Pat Barker’s The Silence of the Girls was one of my favorite novels of 2018; I read it after teaching The Iliad for the first time, fascinated by the idea of a novel that told the events of the epic primarily from a feminine
point of view: namely, that of Briseis, the Trojan captive that Agamemnon and Achilles quarrel over. It was also my first introduction to Pat Barker in general, and was I ever appreciative of that when I learned that Barker had also written a trilogy set during WWI, in which war poet Siegfried Sassoon was a major character (and other poets like Wilfred Owen and Robert Graves had cameos). I ordered all three volumes during lockdown last year, and this spring, I finally started getting to them.
Regeneration is the first book, and it takes place primarily at Craiglockhart War Hospital, a psychiatric institution near Edinburgh that treated shell-shocked officers during and immediately after the war. It begins with Sassoon’s arrival after he wrote an anti-war manifesto and threw his Military Cross medal into the Thames; he was spared a court-martial when his friend Robert Graves rigged a medical board to declare he was shell-shocked and send him to Craiglockhart. There, we meet psychiatrist and military doctor William H. R. Rivers, who is both the advocate and the foe of his patients, who sometimes resent his efforts to work through their trauma. Both Sassoon and Rivers were real people, but Barker populates her novel with fictional characters as well, most notably Billy Prior, a lieutenant from a working class background, who suffers from asthma aggravated by gas, as well as periodic mutism from the trauma of the trenches.
Barker’s perspective on the war is complex; while she captures the sense of suffering and waste that it involves, putting Sassoon at the center of her story means complicating any of the simple narratives one might be drawn toward. Sassoon did indeed condemn the war, but he also refused to characterize himself as a pacifist or a conscientious objector: he felt the motives of the war had changed, and while he was willing to die to defend England, he was far more reluctant to risk death for the sake of conquest and economic advancement, and he was remarkably courageous in battle and devoted to the men under his command, who were equally loyal to him. Accordingly, Barker portrays the dual sense of horror and longing that both Sassoon and Prior feel for the front lines and their experience in their respective units, as well as Rivers’s own sense of divided loyalties over healing men in order to send them back to potentially face death. As she has Rivers reflect:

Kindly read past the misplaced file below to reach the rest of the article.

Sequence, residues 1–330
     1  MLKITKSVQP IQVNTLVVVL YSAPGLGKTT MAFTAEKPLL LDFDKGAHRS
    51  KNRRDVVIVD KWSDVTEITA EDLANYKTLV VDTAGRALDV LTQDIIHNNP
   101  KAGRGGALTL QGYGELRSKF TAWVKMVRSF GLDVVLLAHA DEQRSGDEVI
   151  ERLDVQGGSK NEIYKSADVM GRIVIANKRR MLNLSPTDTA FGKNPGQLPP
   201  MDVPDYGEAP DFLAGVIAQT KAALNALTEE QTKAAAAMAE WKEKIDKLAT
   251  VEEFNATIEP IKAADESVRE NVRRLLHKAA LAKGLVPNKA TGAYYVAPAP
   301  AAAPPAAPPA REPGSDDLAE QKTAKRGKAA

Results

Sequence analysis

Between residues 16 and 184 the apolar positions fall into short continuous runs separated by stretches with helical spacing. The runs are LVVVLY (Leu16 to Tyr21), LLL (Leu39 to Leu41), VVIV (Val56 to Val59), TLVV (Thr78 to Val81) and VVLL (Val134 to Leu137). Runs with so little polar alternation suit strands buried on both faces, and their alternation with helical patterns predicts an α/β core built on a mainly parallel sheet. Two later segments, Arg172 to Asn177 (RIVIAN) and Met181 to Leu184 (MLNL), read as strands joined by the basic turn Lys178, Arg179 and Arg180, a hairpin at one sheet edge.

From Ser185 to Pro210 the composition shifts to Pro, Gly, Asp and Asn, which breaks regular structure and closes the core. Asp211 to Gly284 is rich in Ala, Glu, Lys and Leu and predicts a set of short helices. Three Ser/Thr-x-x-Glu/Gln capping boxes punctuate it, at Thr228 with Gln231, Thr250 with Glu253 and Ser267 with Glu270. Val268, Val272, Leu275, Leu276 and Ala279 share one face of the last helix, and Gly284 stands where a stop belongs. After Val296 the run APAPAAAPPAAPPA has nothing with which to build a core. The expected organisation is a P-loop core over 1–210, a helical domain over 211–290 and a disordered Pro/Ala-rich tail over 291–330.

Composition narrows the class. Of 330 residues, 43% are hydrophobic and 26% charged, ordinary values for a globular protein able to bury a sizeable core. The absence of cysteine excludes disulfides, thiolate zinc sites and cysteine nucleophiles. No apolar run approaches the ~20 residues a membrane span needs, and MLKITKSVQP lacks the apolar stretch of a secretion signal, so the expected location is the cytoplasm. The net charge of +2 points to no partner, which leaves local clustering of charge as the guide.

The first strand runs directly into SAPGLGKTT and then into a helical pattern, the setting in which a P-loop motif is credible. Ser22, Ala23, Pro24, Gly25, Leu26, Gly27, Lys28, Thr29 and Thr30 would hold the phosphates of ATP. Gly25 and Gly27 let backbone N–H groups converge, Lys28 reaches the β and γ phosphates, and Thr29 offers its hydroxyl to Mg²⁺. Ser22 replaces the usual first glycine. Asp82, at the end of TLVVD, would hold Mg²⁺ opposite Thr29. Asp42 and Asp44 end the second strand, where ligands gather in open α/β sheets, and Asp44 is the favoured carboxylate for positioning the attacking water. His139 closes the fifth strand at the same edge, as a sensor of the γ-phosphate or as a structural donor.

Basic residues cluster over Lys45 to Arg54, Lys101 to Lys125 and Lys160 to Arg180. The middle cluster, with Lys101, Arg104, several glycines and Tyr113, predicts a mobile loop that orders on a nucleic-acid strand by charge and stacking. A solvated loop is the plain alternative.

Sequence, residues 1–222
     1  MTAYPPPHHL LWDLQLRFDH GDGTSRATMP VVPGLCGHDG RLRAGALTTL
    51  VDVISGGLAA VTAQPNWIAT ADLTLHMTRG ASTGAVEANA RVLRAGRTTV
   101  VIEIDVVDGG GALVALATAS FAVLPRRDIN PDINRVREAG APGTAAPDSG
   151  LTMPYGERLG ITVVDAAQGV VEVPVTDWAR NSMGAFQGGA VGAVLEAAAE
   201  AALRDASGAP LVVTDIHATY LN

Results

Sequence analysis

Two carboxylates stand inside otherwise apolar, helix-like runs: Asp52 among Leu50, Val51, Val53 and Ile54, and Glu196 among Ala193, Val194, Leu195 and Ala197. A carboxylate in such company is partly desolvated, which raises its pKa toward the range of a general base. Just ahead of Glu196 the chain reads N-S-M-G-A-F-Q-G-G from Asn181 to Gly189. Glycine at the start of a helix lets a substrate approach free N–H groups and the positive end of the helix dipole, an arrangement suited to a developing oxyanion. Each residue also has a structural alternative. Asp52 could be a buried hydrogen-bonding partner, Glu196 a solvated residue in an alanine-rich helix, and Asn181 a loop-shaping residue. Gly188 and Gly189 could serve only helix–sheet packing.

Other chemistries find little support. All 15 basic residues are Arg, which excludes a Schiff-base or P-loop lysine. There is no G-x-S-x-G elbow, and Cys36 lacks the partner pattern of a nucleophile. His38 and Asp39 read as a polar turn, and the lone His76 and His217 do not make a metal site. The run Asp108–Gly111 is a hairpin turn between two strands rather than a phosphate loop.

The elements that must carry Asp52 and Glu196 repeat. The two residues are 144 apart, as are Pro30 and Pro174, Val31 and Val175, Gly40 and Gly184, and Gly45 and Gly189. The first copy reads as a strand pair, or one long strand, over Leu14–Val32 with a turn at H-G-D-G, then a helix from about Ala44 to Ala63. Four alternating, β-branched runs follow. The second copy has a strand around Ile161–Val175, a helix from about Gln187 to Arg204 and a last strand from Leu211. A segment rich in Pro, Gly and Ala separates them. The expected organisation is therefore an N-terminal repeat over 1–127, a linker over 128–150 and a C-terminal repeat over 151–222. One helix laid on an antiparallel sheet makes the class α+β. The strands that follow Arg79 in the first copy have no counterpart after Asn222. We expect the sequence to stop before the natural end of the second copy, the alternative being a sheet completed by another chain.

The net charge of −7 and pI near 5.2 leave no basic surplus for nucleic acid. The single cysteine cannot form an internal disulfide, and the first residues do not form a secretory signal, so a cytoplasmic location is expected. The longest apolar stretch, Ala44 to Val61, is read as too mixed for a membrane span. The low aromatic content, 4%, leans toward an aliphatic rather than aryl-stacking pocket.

“And as soon as you accepted that the man’s breakdown was a consequence of his war experience rather than his own innate weakness, then inevitably the war became the issue. And the therapy was a test, not only of the genuineness of the individual’s symptoms, but also of the validity of the demands the war was making on him. Rivers had survived partly by suppressing his awareness of this. But then along came Sassoon and made the justifiability of the war a matter for constant, open debate, and that suppression was no longer possible. At times it seemed to Rivers that all his other patients were the anvil and that Sassoon was the hammer.”
Lurking beneath these questions about the war, though, are also other issues: Sassoon, after all, was not only a ferociously principled poet who, along with Owen and Graves, profoundly affected the way we write about war, but he was also gay, in an England only two decades removed from Oscar Wilde’s conviction for sodomy. This issue isn’t centered in Regeneration, but Barker takes care to acknowledge it in all parts of the narrative. Rivers again:
“After all, in war, you’ve got this enormous emphasis on love between men – comradeship – and everybody approves. But at the same time there’s always this little niggle of anxiety. Is it right kind of love? Well, one of the ways you make sure it’s the right kind is to make it crystal clear what the penalties for the other kind are.”
The issue of homosexuality in WWI Britain will occupy a much more prominent place in the sequel, The Eye in the Door, but Barker plants the seeds for it here. And she leaves us, near the end, with a paraphrase of damning sentiments found in a number of the war poets’ work: “A society that devours its own young deserves no automatic or unquestioning allegiance.”
Ultimately, Regeneration is a beautiful novel, preoccupied with questions about war, social class, art, and ethics in ways that remain pressing and relevant in our own age of endless war that art is still struggling to portray well, or indeed at all. The prose is simply gorgeous, and the amount of dramatic tension that Barker can wring from two men sitting across from each other in a room and talking–or even sitting along in a room and thinking–is extraordinary, and sensitively observed. It’s also decidedly fitting to her subject matter: the war helped to pushed a number of writers after WWI to try and capture greater interiority in their works, from Rebecca West to Virginia Woolf. I’d recommend it strongly to anyone interested in the era or its poets.
(Also, we’re getting a sequel to The Silence of the Girls in a couple of months. The Women of Troy, coming in August!)